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Let's see your handspun!

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    #16
    Your sweater is so amazing! Awesome job!

    Comment


    • SpinsterJulieB
      SpinsterJulieB commented
      Editing a comment
      Thanks! I love to make and wear handspun items.

    #17
    Click image for larger version  Name:	IMG_2410.JPG Views:	0 Size:	194.7 KB ID:	10984 Finished up this skein and I love all the colors. It's just from bits and pieces of fiber I had left from well I don't remember what. I may do some socks with it or fingerless mitts. I saw a Berroco free pattern I liked. https://www.berroco.com/patterns/voda. I spin on a Spinolution Mach I that was converted to a Mach II.
    Last edited by Bettymo; 07-25-2019, 08:46 AM.

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    • Carlota
      Carlota commented
      Editing a comment
      That's a cute pattern - thanks for linking. Perfect for handspun.

    • AmazedbyGrace
      AmazedbyGrace commented
      Editing a comment
      I love all of the colors. It will be very pretty knitted up or in your pretty rug that you're making!

    • Bettymo
      Bettymo commented
      Editing a comment
      Carlota Sure no problem. I'll let you know if I ever get around to doing it.

    #18
    Originally posted by Floppy2 View Post
    Won't be spun until next year but here is the process of prepping the flax plant for fiber. One picture is of the flax after it has been pulled and left to dry. The immature seeds are on the flax plant. I am not going to rett the flax until next year so I am going to pull the seeds off of the plant so that when it goes into the basement rodents don't decide to have a munching party. The combs are 4-tine wool combs. They make excellent rippers (ripping the seeds off the plants). Because the seeds were immature I fed them to the chickens. Hopefully, by 2020 I will have some of my own flax processing tools.
    Growing flax is REALLY easy. You can buy seed from here. https://www.twolooms.com/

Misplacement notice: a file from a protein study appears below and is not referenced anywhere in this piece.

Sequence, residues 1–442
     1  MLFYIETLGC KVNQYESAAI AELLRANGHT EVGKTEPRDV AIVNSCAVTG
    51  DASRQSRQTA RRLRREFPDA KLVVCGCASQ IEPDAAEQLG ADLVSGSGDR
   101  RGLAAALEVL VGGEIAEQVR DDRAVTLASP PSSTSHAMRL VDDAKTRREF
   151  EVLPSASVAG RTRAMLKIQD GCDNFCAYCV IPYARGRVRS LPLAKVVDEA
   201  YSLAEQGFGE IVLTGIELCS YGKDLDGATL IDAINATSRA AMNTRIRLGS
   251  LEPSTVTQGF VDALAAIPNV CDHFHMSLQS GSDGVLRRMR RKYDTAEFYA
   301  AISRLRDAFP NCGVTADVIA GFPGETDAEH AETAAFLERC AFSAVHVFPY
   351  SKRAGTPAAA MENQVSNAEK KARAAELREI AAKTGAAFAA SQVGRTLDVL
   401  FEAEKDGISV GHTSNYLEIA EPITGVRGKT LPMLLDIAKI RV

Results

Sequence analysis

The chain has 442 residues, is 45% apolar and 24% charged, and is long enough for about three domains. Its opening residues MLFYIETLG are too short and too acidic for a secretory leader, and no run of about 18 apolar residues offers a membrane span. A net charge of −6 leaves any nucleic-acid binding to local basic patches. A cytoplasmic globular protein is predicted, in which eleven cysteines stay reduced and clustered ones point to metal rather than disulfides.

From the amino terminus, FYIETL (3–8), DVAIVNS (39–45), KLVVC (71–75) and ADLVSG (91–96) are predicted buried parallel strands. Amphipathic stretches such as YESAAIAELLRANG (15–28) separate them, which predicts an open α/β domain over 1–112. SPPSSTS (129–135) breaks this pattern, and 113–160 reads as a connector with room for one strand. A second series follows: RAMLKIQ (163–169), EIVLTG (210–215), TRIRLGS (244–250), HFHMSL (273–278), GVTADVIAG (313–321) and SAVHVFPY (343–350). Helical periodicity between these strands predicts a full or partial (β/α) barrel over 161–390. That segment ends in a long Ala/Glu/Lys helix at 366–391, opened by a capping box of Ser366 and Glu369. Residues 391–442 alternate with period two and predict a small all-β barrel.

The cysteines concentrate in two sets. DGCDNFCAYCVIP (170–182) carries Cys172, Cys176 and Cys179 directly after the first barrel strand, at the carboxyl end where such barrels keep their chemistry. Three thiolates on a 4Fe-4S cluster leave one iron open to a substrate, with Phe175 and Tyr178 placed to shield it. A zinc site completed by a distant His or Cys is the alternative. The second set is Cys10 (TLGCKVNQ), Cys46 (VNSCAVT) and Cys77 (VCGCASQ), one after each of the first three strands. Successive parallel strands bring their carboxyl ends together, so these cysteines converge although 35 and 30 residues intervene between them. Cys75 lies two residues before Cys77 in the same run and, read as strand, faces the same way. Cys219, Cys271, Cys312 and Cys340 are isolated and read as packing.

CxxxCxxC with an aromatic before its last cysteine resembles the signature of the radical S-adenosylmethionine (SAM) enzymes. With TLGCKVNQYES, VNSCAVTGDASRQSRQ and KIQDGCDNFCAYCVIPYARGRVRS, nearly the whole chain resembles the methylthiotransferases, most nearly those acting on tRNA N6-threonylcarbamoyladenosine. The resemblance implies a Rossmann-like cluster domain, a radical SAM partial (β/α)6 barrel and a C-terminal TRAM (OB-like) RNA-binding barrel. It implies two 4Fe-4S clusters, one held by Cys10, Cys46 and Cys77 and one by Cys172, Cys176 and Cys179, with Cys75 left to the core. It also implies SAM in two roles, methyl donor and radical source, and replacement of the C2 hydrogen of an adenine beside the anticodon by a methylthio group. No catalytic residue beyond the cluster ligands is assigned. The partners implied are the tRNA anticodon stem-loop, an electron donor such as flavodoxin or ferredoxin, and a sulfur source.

I had an entire thread on Ravelry on growing flax. I will explain what I did here. Find an area on your property that gets full sun all day. If you don't have a yard you can use several large garden boxes or build raised beds. Use compost (Black Kow) and a good garden soil mix. Fill the boxes if you are using them all the way to the top. Don't think they are too full. The rain will tamp down the soil and you may have to add more before the seeds are planted. If you have a bed, do the same. Amend with Black Kow compost and a good garden soil if the soil on your property is poor.

    When the frost is gone in your area and you temps are 55 to 60 degrees on a consistent basis, sprinkle your seeds on top of the soil thickly and cover lightly with soil DO NO bury the seed as you would vegetable seed. Water the seed in. Wait. If you see some of the seed on the surface of the soil don't worry about it. Cover as much of the seed as you can see. Just don't bury the seed deep into the ground. Flax likes cool temps at the start of its growth. I live in garden zone 6a so the end of March into April is my start time. Find out when spring begins for the garden zone you live in and pay attention to the daytime and evening temperatures.

    Once the seed begins to sprout, keep weeds at bay. If you don't, you won't be able to tell the flax from the weeds. Weed until the plants are above knee height and then you may have to stop. If you have kept up with the weeding you should not have too many problems with weeds; especially if you have seeded the flax thickly. The reason you do this is to crowd out the weeds and help the flax prevent lodging (falling over). As the flax grows it will begin to flower. Bees will show up and pollinate and the flowers will fall off and seed pods develop. Flax takes 100 to 110 days to develop. If you want to keep seed for the next year, keep the flax in the ground until the pods turn brown and begin the dry out. If you want a fine flax, harvest the flax right at 100 days or just after the seed pods form and the flax stems are yellow halfway up the stalk. The longer you wait the courser the flax will be.

    To harvest flax, pull it up by the roots. Don't cut flax. You will lose part of the fiber length if you cut it. Flax fiber runs from root to head. Tie the flax into bundles and set out or hang out to dry in the sun. Once the flax is dry, rip the seed heads off. You can then do one of two things. Put the flax away in a cool, dry area or rett (rot) the flax in preparation for processing. To do this, lay the dry flax out in the grass to dew rett. Or you can get some plastic storage totes as I do and water rett the flax. I do water retting because it is much faster and I like the color of the flax after water retting. I get a lovely golden flax. Dew retting will give you a silver/grey color and takes about two weeks to accomplish depending on air temp and the amount of dew you get. I rett my flax when the daytime temps are 80 degrees or better for several days.

    Do some testing as you go so that you don't over rett the flax. Take several stems and let them dry in the sun. Bend them. If the boon flakes away from the fiber easily your flax is done retting. Gather it up and hang it out to dry completely. Your flax is now ready to process.